017-Working with Creatives
Creative projects can be very fulfilling and provide tremendous value to any organization. But, they can also be very susceptible to scope creep. For those of us used to dealing in data-driven GANTT charts and Risk reports, how can we effectively approach a project with creative deliverables? Especially if we are not sure what those deliverables are supposed to look like? And how do we get objective results when it depends on subjective feedback?
Today’s guest, Shawn Hardy, will walk us through his process for approaching a project as a creative, and help us understand how to succeed in a Creative project. Proof in point: he was the designer for our amazing new PM Happy Hour website!
Our amazing guest, Shawn Hardy:
For the past 17 years Shawn has worked with hundreds of clients ranging from mom-and-pop’s in Phoenix, to startups in San Francisco, to global corporations in Boston. Shawn believe that ideas, design, and marketing should always motivate and inspire people. Working closely with business owners, other marketers, and creative teams to co-create effective and engaging work is what he is passionate about. His work takes a wide range of deliverables including brand identities, interactive websites, print, advertising campaigns, traditional marketing, TV, content marketing, video, and motion graphics. Beyond his career as a creative, he lives an active life which includes triathlons, running, and cycling. Shawn keeps his family and dogs close by, always with the end goal of simply enjoying life.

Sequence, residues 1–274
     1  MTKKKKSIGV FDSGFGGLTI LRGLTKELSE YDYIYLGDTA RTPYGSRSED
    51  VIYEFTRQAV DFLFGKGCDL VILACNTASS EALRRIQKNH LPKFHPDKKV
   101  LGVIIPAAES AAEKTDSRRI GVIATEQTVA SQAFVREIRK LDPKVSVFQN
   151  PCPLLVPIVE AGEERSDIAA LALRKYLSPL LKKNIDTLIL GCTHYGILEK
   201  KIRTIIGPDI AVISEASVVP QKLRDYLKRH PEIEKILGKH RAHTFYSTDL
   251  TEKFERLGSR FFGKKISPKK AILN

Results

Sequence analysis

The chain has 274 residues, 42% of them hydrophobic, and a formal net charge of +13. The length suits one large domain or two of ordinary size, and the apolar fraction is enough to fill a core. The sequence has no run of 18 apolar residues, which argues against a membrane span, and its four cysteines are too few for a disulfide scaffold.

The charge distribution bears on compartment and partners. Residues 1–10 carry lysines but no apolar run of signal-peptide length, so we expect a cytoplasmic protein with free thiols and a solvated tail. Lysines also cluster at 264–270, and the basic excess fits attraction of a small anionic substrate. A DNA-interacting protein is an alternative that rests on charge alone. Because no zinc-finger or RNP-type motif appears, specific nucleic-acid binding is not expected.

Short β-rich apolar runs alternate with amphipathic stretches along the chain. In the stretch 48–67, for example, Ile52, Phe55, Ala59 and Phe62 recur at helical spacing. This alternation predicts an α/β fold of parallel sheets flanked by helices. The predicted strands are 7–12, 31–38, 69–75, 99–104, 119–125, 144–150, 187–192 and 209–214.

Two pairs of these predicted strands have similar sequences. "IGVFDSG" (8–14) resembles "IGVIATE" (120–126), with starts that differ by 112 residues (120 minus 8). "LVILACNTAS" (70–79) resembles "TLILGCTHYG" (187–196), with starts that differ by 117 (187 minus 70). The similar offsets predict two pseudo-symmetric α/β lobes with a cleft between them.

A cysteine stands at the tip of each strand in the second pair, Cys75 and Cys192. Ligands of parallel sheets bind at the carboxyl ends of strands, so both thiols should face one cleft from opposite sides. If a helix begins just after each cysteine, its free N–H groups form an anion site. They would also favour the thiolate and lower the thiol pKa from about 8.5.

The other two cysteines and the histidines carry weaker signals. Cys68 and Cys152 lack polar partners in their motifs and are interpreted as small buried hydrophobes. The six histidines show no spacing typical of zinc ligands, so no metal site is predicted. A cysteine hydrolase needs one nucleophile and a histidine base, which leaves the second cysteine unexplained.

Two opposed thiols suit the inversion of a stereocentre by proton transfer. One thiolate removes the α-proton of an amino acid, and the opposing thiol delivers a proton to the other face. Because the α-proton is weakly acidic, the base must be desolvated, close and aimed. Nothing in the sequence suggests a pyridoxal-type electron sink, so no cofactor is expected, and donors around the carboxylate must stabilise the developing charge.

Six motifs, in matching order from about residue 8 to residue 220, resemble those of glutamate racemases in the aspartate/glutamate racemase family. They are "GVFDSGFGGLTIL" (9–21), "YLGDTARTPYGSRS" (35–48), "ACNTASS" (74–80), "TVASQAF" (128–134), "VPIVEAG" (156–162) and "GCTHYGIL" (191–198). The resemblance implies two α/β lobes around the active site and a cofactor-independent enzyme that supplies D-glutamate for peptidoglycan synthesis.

See more of SmittenLabs amazing work on their website, here: Smittenlabs.co
And you can reach out to Shawn directly, here: firstname.lastname@example.org
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Today’s show is about working with creatives, and we’re going to talk with one of the guys who helped make our gorgeous site possible. He is our amazing designer, Shawn Hardy of Smitten Labs.
Who is Shawn Hardy? [2:00 – 2:50]
Shawn helped hundreds of clients ranging from mom and pops in Phoenix, to startups in San Francisco, to global corporations in Boston. He believe that ideas, design, and marketing should always motivate and inspire people. Shawn’s work includes brand identities, interactive websites, print, advertising, campaigns, traditional marketing, TV, content marketing, video, and motion pictures. Beyond his career as a creative, Shawn lives an active life, and is into triathlon, running, and cycling.
Shawn’s Journey to a Creative Field [4:01 – 4:45]
Shawn grew up as a creative kid. He loved all kinds of arts, whether it was music or classical art, but he couldn’t draw. Because of this, he was secretly afraid that since he couldn’t draw he will never become an artist. It was in high school when he found out about creative design, and this inspired him to get his bachelor’s degree in the field. He was almost 20 years old when he landed his first job at an ad agency, and after 20 years, Shawn is helping clients of all different kinds all over the world.
Shawn in the Creative Field [5:04 – 5:40]